Community speaks out about DCSS realignment

Community speaks out about DCSS realignment
Students protested the proposal (Source:WALB)
Teachers and parents also spoke out (Source:WALB)
Teachers and parents also spoke out (Source:WALB)
Javon Jones, student (Source:WALB)
Javon Jones, student (Source:WALB)
Ken Dyer, Associate Superintendent (Source:WALB)
Ken Dyer, Associate Superintendent (Source:WALB)

DOUGHERTY CO., GA (WALB) - Albany High students are making a plea to Dougherty County School Board members in hopes of keeping their school open.

Tuesday, parents and other community members joined them to tell board members about their concerns.

"There's always more options than just one option," Sophomore Javon Jones said.

School system staff said the change could create a more direct feeder program for students transitioning from middle to high school. They add closing it could provide other benefits, but students have reasons they want to keep it open.

So, in protest, they yelled out the school's battle cry. A chant students at Albany High have yelled before, but one they never thought they'd be screaming to keep their school open.

"I think its important to be out here because if we don't stand up for ourselves then who will," Jones said.

Teachers, students and parents did just that.

"Save our schools. Save our schools," student protesters chanted.

In the doors behind them, they got a chance to voice their concerns to the Dougherty County School Board.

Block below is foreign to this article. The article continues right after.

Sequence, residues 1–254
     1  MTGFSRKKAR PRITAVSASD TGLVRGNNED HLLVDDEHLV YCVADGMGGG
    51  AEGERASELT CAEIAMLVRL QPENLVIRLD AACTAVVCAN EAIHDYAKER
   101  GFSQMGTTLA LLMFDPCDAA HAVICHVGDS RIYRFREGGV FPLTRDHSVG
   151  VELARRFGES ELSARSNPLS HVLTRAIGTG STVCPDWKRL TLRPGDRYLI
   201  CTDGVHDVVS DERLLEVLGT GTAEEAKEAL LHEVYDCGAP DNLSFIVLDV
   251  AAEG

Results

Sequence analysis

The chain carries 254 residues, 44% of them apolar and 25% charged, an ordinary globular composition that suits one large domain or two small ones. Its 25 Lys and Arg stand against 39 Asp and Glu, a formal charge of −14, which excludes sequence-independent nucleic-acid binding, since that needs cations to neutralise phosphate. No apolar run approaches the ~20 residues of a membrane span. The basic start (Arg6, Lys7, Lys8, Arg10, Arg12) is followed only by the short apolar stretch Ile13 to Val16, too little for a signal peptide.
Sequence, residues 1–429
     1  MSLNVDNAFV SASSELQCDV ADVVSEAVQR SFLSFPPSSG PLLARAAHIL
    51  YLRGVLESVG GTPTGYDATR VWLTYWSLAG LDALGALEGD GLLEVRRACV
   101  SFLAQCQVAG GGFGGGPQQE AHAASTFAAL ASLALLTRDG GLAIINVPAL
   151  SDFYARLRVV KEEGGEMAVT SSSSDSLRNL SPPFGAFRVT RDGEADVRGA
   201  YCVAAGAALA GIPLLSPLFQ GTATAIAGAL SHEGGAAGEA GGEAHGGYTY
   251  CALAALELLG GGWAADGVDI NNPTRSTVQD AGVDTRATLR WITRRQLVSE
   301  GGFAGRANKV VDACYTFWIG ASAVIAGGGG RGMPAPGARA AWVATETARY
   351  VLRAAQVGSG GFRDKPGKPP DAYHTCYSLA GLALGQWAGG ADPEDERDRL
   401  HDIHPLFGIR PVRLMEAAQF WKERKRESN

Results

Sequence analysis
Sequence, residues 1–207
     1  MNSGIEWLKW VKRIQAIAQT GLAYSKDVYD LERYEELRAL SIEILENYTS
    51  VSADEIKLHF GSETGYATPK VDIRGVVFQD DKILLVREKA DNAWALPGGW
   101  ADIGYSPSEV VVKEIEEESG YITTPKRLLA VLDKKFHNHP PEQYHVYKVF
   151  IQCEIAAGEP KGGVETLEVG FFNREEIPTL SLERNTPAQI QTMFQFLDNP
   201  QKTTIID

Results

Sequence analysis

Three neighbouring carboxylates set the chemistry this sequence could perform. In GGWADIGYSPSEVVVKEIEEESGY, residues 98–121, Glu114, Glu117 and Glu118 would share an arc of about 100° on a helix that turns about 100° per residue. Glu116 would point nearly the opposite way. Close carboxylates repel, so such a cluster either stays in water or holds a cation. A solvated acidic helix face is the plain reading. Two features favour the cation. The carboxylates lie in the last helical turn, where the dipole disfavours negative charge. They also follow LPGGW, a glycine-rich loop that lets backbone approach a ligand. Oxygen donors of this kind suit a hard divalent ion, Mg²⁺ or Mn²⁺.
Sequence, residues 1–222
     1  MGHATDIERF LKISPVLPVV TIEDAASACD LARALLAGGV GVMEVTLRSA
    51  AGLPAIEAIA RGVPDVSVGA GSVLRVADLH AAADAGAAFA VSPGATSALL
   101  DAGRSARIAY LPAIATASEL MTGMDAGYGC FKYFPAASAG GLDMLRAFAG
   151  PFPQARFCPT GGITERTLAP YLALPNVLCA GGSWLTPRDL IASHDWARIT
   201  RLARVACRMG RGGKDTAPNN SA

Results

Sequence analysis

The board will make a decision on whether to close Albany High through a realignment plan that aims to use its facilities more efficiently.

"We have to deal with reality," DCSS Associate Superintendent Ken Dyer said, in reference to a population decrease in the county.

With less than 800 students and an occupancy rate of lower than 73 percent, eliminating Albany high was recommended by a consultant, but community members don't think capacity should be the deciding factor.

Those in attendance touted the schools academic performance.

Others voiced their concerns about their status in extracurricular activities and the message the change would send to current students.

"We as a whole could come up with a solution better than closing down a great school," Jones said.

A desire for compromise voiced by many who have worn orange and green.

Another public hearing will be held to give board members feedback next Tuesday at Noon.

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